Home' Future Building: The Australian Infrastructure Review : Issue 1 Contents Th
vision on the hill
" has seen
y a traveller
and burn along the road
, laid lo
w by unforeseen circumstances at their feet, while
mesmerised by the vision of a bright shining future.
many fellow travellers sustain a few injuries, whereas Australia has slipped through
with just a bit of a stumble and a wobble. Indeed still the lucky country.
Australia's economy has performed better than the economies of most developed
nations over the past 12 months. A report by global ratings agency Standard and Poor
recognised the Australian economy's resistance to recession, saying, "Australia has
been the best performing developed economy in the world in recent years."
Australia was one of only three of the 33 IMF advanced economies that recorded
growth in the year to September 2009. With the global dust storm settling, the big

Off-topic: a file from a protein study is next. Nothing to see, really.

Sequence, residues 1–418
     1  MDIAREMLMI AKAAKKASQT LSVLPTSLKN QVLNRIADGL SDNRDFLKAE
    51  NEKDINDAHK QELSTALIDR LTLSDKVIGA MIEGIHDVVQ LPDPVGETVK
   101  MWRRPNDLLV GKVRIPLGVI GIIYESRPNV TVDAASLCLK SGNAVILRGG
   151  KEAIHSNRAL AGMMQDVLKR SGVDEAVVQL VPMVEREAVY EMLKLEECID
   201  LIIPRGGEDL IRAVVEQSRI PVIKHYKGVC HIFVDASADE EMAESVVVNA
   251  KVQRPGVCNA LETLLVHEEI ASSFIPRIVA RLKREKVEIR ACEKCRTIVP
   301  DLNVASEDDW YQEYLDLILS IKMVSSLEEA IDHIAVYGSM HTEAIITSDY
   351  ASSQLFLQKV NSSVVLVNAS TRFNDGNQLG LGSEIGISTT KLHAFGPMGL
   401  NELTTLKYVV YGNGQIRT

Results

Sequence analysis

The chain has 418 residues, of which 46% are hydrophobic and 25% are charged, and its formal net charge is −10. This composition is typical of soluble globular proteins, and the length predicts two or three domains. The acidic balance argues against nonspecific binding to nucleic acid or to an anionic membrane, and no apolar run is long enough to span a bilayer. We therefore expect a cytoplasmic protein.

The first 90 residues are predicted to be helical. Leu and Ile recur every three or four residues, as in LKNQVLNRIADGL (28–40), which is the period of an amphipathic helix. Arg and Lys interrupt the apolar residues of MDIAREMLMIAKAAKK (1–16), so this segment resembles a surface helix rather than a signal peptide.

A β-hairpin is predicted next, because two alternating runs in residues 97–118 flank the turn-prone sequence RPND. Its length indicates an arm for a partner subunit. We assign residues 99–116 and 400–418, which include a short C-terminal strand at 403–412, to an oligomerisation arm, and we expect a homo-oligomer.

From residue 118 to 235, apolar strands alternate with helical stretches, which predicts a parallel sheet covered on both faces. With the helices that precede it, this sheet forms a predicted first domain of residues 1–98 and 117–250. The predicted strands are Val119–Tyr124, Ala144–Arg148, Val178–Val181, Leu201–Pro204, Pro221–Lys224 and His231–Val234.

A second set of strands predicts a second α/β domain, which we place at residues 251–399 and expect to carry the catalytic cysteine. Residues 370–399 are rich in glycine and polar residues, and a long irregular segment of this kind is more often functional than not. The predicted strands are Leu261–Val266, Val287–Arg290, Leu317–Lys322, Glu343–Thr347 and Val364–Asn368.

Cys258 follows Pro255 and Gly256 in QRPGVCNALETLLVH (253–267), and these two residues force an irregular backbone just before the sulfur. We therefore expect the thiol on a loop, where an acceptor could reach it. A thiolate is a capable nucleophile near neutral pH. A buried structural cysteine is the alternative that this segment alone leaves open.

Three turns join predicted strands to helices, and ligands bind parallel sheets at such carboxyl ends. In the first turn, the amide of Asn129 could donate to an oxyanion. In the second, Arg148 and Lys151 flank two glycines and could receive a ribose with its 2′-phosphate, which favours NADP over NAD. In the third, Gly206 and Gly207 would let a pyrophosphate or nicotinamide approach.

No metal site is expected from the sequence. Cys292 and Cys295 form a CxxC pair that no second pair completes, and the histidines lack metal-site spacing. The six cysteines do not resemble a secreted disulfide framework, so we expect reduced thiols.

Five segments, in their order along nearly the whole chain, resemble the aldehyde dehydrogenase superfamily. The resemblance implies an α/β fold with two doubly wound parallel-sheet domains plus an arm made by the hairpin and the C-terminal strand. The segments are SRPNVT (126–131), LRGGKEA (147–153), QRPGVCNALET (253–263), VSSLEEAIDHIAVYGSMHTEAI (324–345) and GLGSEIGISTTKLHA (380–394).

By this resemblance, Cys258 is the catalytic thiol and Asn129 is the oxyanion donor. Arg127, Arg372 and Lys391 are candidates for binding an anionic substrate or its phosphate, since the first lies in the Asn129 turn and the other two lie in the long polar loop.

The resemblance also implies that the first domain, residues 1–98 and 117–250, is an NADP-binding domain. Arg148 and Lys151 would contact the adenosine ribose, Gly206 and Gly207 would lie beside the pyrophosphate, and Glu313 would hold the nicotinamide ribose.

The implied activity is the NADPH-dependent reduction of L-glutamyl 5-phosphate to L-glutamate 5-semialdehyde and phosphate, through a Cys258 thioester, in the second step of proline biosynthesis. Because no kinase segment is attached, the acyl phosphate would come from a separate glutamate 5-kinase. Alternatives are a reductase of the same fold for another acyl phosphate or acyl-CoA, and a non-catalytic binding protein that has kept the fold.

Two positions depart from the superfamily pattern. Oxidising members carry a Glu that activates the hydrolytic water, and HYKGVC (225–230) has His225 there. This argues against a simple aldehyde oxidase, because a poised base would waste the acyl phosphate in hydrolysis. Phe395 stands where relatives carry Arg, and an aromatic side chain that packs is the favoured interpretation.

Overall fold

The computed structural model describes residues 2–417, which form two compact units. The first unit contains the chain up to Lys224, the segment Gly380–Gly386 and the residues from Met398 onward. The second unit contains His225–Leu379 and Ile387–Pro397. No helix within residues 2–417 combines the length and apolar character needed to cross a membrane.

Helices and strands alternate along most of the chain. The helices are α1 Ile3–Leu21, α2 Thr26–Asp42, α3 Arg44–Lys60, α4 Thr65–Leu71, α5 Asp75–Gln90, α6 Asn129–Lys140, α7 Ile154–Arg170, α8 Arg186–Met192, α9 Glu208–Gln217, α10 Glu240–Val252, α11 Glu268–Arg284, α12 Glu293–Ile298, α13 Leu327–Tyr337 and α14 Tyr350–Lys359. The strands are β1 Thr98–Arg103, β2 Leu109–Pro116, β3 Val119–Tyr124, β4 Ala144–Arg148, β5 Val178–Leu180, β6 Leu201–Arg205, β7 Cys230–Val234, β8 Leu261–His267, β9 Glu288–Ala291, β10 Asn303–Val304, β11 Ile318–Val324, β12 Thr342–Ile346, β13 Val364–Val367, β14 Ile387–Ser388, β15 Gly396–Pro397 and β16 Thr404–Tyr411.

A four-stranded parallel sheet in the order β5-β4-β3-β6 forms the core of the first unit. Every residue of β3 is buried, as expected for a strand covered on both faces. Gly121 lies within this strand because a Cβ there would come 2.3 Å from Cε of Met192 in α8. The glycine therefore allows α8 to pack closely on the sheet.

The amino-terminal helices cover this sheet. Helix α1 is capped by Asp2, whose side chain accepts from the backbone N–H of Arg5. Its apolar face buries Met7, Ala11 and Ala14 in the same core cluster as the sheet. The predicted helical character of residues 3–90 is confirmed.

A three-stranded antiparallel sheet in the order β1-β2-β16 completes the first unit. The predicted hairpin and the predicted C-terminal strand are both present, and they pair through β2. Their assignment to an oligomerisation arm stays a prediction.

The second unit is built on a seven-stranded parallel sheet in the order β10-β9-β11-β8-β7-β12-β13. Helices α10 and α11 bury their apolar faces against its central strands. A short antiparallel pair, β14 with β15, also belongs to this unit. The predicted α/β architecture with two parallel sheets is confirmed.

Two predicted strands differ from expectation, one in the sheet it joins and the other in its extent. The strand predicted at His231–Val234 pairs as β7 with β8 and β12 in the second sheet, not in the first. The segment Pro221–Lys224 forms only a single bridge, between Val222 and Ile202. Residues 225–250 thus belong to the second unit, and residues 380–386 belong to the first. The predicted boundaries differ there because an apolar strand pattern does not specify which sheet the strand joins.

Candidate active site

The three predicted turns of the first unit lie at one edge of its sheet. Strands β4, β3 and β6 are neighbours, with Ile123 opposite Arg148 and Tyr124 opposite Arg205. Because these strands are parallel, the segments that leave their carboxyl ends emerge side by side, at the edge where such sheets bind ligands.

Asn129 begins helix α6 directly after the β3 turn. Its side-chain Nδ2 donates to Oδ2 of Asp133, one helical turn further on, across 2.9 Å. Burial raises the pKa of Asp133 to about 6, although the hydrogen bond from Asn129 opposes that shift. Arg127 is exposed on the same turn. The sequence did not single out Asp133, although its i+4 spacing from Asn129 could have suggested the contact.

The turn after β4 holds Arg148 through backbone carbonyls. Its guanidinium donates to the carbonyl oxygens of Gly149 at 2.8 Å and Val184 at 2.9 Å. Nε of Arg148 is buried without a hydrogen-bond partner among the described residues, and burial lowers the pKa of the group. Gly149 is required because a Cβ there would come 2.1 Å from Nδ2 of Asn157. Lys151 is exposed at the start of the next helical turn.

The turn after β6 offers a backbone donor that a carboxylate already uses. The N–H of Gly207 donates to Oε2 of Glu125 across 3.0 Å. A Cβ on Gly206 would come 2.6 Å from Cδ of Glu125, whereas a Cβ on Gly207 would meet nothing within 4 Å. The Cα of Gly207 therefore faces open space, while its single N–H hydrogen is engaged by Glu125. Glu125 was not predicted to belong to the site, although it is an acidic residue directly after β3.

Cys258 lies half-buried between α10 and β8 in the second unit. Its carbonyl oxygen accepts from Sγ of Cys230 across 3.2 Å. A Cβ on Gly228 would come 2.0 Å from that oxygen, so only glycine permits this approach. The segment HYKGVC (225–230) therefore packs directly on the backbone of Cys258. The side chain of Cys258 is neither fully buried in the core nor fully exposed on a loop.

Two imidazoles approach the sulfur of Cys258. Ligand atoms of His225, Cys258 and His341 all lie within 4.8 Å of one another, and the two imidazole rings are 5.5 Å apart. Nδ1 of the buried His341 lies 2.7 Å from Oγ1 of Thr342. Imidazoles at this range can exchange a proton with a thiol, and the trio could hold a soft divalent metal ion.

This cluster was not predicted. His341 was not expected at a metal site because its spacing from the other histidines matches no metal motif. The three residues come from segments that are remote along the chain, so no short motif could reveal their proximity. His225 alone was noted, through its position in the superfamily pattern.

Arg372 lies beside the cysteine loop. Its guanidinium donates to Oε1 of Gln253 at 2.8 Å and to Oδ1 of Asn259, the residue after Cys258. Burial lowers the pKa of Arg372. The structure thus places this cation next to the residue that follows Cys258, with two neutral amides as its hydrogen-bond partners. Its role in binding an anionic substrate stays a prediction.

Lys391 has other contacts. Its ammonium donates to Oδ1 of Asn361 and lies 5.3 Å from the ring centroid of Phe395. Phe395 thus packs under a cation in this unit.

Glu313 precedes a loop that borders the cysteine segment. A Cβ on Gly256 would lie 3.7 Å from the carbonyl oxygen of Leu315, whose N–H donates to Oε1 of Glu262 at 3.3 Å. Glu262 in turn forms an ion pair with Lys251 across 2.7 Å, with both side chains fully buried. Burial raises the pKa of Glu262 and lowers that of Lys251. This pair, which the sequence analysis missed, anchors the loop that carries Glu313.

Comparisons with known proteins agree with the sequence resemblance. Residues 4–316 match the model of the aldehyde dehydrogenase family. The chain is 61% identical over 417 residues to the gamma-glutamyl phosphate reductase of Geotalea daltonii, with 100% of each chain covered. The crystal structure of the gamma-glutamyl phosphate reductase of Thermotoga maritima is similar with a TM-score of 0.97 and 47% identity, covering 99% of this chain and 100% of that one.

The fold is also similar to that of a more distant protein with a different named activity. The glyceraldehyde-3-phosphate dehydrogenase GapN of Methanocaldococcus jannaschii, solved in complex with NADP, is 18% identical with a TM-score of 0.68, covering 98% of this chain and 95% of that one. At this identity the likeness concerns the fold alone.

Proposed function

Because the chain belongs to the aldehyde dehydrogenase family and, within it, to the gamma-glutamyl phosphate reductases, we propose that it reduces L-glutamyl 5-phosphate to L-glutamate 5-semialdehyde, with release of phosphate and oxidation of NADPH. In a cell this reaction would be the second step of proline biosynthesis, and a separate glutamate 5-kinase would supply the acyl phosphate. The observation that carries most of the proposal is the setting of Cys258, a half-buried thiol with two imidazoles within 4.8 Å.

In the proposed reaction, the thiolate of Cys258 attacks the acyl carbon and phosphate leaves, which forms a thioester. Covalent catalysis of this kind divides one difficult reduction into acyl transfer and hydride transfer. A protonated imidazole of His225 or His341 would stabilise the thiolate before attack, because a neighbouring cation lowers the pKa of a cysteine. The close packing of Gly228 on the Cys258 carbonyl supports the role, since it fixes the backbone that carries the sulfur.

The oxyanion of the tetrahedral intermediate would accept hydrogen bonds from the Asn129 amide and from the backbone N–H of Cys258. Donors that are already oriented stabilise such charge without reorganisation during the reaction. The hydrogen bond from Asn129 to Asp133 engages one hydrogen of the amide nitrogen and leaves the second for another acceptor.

vision for Australia's future may be getting a little clearer and perhaps looking a little
different. In a world of rapidly shifting geopolitical realities, visionary nation building is
now more needed than ever. We've done it before and it's time to do it again.
At the time of Federation, the most expensive capital works project in the new
Commonwealth of Australia was to cost the nation more than 21 million pounds. The
criticism from diverse quarters was unrelenting: it would never work, it would bankrupt
the treasury, there would be corruption.
And now back to the
nation building after the
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